If you want to make people want domain names, you gotta quit thinking in terms of domain names and come down to reality.

    People desire traffic. So you tell Mr. X from X company that he can buy 3000 targeted visitors per month from you.

    People desire search engine positions. So you tell Mr. Y he can buy a higher position in google just by using your domain name for his website.

    But you can’t CREATE an end-user market for worthless names…and that’s exactly what THOUSANDS of newbie domainers are trying to do. If it won’t help ranking, if it won’t help traffic, the name is just about worthless. And all the education in the world isn’t going to make it worth something.

  9. by stephen douglas |  November 1, 2008, 11:55 am  

    Some people dislike me for blowing my own horn. However, this article is a spot on confirmation of what I’ve been promoting to the domain industry since 2005. Even the comments here are wise, logically arrived at by assessing the state of the domain industry. I’ve been saying that the domain industry is only worth as much as the end user will pay for almost four years now.

    Great article. Now followup on educational postings on how to push domain values to the business sector without being hung up on by dumbsh*t secretaries who think they’re saving their bosses time with “useless salesmen”.

    I consider and Ron Jackson to be the strongest source of domain name information and possible content promotion of all domains and their monetization possibilities. I think we should all just descend upon, convince Ron to start a brain-pounding Press Release campaign DAILY about domain values, and we should sign up for some cheap membership fee to participate and support a legitimate journalistic/marketing campaign that will educate business people. $19.95 a year from 300 domainers should be able to send out at least one PR daily for a year.

    May sound strange and unconventional, but doesn’t that suit us domainers and our product perfectly? Where else can you buy a domain name for $7 - $100 and flip it for 500% within just a few months?

    We can all become spokespeople for domain values by slowly discussing the basics of domaining to our friends, business associates, family, and anyone within earshot at a party.

    It’s all about education. And again, incest within the domain industry gets us nowhere. We need new blood.

  10. by Andrew |  November 1, 2008, 2:18 pm  

    Good reading and I do agree…..each week I meet someone who has no clue how valuable a domain name; yet one of clients who “gets it” recently purchased, and for a boatload of money but they understand they value of type in trafficv as well as SEO components…

    So I too am trying to educate the public thru my newest site

    We’ll get there…together!

  11. by admin |  November 1, 2008, 4:27 pm  

    Stephen - Great piece on your site and i agree 100%, we need to start working together.
    Eric also has a point though as if the desire isn’t there no amount of marketing is going to help the market. But as i’ve explained above - people just don’t know about the value or the advantage a great name can give their business.
    I’ll be posting over the next few weeks some of the letters i have used to approach end users. I still find a phone call does best, then followed up by a mail.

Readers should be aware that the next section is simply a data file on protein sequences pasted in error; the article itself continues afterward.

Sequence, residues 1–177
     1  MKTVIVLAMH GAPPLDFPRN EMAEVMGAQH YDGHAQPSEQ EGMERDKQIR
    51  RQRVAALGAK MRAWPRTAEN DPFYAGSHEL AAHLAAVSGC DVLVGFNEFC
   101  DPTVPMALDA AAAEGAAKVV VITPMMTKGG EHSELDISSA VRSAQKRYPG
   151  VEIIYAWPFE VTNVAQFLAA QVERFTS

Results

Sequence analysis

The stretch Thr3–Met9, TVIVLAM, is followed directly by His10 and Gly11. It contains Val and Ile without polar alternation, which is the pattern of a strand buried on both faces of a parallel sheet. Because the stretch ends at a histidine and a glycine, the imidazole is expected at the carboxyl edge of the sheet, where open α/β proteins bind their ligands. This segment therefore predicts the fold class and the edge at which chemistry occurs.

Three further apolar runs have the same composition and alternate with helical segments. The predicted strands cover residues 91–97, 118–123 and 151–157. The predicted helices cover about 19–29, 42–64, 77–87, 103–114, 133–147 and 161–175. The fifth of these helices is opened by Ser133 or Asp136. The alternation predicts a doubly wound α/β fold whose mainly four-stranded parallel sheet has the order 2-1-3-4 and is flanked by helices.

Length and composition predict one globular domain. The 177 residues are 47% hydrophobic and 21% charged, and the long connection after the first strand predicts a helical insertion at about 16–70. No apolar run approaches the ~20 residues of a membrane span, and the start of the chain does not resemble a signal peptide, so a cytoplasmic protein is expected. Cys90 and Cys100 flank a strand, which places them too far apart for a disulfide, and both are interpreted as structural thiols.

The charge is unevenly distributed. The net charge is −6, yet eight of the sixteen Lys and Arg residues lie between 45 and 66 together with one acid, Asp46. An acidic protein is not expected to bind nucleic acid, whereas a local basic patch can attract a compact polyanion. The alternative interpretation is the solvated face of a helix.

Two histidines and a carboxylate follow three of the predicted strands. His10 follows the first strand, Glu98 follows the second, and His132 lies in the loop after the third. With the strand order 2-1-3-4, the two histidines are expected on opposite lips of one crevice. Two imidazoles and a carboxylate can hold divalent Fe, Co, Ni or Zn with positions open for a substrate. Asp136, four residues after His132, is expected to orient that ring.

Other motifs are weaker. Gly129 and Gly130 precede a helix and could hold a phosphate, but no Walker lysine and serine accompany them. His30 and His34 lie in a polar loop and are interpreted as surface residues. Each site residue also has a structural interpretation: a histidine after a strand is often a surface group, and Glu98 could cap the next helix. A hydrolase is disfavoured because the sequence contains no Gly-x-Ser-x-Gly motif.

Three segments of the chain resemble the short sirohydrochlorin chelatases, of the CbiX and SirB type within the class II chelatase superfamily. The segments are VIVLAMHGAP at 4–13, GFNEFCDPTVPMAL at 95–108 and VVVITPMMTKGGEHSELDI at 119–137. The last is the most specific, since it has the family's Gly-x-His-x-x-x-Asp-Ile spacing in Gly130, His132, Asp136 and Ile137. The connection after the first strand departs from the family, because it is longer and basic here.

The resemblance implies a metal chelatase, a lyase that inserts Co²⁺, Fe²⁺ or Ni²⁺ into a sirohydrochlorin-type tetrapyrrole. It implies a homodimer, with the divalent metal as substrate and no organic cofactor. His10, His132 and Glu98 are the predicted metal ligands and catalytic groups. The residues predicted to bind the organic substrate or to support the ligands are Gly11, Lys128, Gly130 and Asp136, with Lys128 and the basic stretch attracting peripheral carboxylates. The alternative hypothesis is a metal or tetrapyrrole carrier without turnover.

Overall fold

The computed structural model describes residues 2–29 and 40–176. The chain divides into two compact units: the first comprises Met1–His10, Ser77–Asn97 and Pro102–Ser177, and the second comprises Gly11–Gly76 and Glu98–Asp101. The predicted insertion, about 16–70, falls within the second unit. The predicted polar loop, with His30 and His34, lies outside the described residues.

Thanks for all your comments everyone - Rob i’m going to have a try with your technique and report back how it works out.

  12. by Jacob N. |  November 1, 2008, 5:11 pm  

    Great article and point. I actually purchased 200 domains exactly for this purpose. I build out one page sites and market directly to the businesses it is relevant to. Domains are a very small niche within the internet industry and in business in general. People do not wake up to fox 11 news hearing about domains on the regular.

    I believe it is our responsibility to get the word out and to be proactive in our marketing initiatives, strategy, and outlook. If you are lazy and do not promote the business, it doesn’t matter what industry you work in, it won’t be successful.

    Develop, develop, develop. It’s almost like location, location, location with real estate or virtual real estate (domains). The advantage domains have over tangible real estate is even if we don’t have the one word generic or “boardwalk” of properties per say, if we work hard on seo and sem, we can still obtain similar results.

    Happy Domaining,

    Jacob N. Nojoumi

  13. by Harvey Clay |  November 2, 2008, 3:16 am  

    Great Article, James!

    I agree with you and most of the comments.
    Yes, there is truth saying you cannot market unless there is desire, but often desire has to be created. If not by education, then by marketing.
    Also - people (or businesses) will buy to avoid pain, more than they will to gain pleasure.
    If you have a TLD, and can validate the traffic, and communicate to your prospective buyer what that traffic would mean to their competitor, you may have a more willing audience!

    I also have a personal experience of snatching up two really good domain names as soon as a merger of two companies was announced. I tried in vain to reach the top level execs to sell the names. In retrospect, if I could have shown them what that traffic would mean in increased business to a competitor, if I sold the names to the competitor, I may have received a more favorable response from the execs.


  14. by Chris |  November 10, 2008, 7:00 am  

    Stephen Douglas - in quick response to your post - “Now followup on educational postings on how to push domain values to the business sector without being hung up on by dumbsh*t secretaries who think they’re saving their bosses time with “useless salesmen”. –
    – I’m wondering if that attitude might be unintentionally bleeding over into your cold calling. I would never assume anyone in a position of power (no matter how little) is dumb. I have no problem getting through the gatekeepers and to the decision maker when I am respectful and professional to every person I may have to deal with first. I suspect that you may be getting hung up on because you are not.

  15. [...] with their weekly allowance, whereas others have put their house and savings on the line. Look at Rick Schwartz, Scott Day and Frank schilling – people thought them madmen when they put everything they had [...]

  16. [...] if I’m going to be honest I’d say now isn’t the time to load up on names. Whilst the economic barbarians are at the gates I’d spend the next two months learning [...]

  17. [...] with their weekly allowance, whereas others have put their house and savings on the line. Look at Rick Schwartz, Scott Day and Frank schilling – people thought them madmen when they put everything they had [...]

  18. [...] is no definitive answer to this question as one end user is completely different to another one (I know that’s stating the [...]